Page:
Mullein is a tall upright edible herbaceous plant with golden yellow flowers. Some say it looks like a candlestick. It grows easily in temperate regions. This plant is not particularly well known, but its flowers and leaves are consumed as an infusion, concoctionm or remedial syrup. In ancient times, mullein served as a remedy for skin, throat, and respiratory ailments. It was also considered to have magical powers and has been used to ward off curses.
Verbascum thapsus apennines, italie ©Shutterstock/Cenz07
Mullein stalks have traditionally been dipped in tallow to make torches, hence in French this plant goes by the nickname of cierge de Notre-Dame.
Easy to grow
Native to Europe and Asia, mullein grows naturally in chalky or stony soil, in meadows and on sloping ground, at the foot of low walls and along paths. This biennial plant is easy to grow and can withstand fairly dry soil in summer. In northern Europe, mullein grows from sea level up to an altitude of 1800 metres, while in China it is found at altitudes from 1400 to 3200 metres.
A straight stem with golden yellow flowers
Mullein (verbascum thapsus L.) has a single tall upright stem measuring between one and two metres high. It is very soft to the touch. The large golden yellow flowers, each with five symmetrical petals, form in clusters and cymes all along the stem, and are in bloom from June to September. Mullein leaves are quite large and oval, with a ragged edge. They are covered with velvety, whitish hairs.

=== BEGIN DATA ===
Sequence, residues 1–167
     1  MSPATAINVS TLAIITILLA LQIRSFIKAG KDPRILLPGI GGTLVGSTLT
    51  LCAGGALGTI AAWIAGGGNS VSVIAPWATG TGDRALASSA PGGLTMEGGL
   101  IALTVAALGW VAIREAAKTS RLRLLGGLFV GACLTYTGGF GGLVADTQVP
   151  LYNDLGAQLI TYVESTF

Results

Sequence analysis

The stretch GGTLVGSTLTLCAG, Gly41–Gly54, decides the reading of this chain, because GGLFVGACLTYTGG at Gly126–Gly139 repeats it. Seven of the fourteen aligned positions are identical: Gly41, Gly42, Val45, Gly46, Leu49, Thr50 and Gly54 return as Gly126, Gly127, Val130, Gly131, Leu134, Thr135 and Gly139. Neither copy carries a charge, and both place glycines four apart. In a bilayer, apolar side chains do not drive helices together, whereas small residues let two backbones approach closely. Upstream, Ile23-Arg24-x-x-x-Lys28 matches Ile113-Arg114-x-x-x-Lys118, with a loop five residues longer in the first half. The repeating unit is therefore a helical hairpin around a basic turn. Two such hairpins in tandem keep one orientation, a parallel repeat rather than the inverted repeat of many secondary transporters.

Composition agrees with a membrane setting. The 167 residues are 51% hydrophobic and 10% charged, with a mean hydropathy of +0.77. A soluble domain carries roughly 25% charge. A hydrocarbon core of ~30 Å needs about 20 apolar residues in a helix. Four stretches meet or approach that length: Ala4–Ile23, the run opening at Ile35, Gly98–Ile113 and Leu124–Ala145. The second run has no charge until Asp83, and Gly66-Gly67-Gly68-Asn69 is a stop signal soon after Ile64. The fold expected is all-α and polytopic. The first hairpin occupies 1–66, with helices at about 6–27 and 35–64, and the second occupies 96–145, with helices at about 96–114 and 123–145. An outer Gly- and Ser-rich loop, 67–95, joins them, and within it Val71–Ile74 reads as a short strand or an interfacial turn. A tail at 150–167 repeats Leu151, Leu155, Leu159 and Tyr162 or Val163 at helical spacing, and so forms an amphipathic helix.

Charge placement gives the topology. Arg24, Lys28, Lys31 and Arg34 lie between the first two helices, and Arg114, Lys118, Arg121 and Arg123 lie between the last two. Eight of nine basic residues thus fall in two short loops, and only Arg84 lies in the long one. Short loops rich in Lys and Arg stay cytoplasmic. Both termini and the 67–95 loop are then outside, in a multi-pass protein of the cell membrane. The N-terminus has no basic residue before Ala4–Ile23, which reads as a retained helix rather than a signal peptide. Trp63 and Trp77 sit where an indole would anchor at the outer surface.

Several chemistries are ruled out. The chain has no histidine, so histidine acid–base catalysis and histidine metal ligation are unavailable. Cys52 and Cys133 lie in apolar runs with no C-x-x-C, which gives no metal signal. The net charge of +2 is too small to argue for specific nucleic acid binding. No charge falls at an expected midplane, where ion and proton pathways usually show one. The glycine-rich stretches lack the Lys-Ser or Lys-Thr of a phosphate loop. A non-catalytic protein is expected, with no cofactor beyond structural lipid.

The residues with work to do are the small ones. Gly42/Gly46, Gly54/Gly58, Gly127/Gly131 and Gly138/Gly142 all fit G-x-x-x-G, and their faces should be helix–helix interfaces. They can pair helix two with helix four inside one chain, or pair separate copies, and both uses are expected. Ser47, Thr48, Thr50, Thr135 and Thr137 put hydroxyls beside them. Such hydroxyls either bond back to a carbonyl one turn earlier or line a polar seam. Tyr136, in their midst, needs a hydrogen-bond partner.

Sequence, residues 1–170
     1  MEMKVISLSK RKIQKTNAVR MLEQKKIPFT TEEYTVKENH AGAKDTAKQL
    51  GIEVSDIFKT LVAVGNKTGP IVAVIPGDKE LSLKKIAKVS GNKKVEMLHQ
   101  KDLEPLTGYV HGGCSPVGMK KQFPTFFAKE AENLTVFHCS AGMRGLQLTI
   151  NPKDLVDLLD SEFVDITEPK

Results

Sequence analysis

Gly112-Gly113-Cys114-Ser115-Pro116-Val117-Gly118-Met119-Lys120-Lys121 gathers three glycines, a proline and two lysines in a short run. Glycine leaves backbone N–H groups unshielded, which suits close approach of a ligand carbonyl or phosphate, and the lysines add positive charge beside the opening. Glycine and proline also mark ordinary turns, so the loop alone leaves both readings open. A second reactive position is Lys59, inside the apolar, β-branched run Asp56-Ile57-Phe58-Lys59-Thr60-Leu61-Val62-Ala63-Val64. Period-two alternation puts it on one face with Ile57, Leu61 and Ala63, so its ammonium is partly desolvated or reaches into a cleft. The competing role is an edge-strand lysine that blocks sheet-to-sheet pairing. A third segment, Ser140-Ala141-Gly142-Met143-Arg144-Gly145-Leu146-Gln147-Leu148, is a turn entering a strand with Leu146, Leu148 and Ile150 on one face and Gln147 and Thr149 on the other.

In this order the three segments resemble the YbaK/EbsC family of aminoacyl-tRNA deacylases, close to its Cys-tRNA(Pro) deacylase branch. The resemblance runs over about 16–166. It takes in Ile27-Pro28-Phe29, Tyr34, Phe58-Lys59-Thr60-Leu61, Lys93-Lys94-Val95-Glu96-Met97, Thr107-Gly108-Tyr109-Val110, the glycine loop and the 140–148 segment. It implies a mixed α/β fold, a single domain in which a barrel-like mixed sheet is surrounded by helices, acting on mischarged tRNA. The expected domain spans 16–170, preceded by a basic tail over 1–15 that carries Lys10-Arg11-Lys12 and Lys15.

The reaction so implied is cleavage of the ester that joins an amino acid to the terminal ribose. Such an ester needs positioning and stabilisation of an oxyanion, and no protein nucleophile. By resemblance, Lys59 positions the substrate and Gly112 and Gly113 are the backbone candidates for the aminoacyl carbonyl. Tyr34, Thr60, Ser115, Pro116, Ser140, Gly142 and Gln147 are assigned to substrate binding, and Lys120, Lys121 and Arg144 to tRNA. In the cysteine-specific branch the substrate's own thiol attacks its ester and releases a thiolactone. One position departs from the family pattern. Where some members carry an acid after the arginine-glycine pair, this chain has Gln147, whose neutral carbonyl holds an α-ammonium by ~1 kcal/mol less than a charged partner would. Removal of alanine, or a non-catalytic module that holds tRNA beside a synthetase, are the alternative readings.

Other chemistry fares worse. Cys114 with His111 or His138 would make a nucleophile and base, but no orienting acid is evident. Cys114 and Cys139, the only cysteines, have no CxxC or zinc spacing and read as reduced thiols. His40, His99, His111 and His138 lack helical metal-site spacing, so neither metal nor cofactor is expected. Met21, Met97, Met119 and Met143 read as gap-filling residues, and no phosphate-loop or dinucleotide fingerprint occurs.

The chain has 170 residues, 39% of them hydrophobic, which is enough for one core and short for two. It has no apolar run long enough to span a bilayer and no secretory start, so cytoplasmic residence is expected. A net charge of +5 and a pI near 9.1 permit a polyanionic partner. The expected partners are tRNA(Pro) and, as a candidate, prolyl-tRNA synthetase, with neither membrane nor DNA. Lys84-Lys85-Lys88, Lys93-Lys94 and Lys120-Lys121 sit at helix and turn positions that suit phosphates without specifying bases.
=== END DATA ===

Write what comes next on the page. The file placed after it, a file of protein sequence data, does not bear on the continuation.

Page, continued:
Herbal tea, concoctions and remedial syrups
Mullein flowers and leaves are used fresh or dried, to make herbal teas, concoctions, and remedial syrups. Before drinking such preparations, it is necessary to strain them to remove the irksome hairs. Mullein is reputed to have certain medicinal properties, especially when the flowers are infused to make herbal tea said to soothe sore throats and better the respiratory system. Mullein leaves and roots have antiseptic and antibacterial properties.
Used in witchcraft and to dispel evil spirits
In the past, mullein leaves were rolled up to make wicks for oil lamps. It is said that witches were fond of such lighting for their incantations and rites. Mullein was also used to dispel curses and evil spirits. On Midsummer’s Day, bundles of mullein were lit to make a fire and people walked through the smoke shouting at the top of their voices to protect their flocks and herds from wild animals. Half-burnt stalks were then hung in the stables to protect the livestock.
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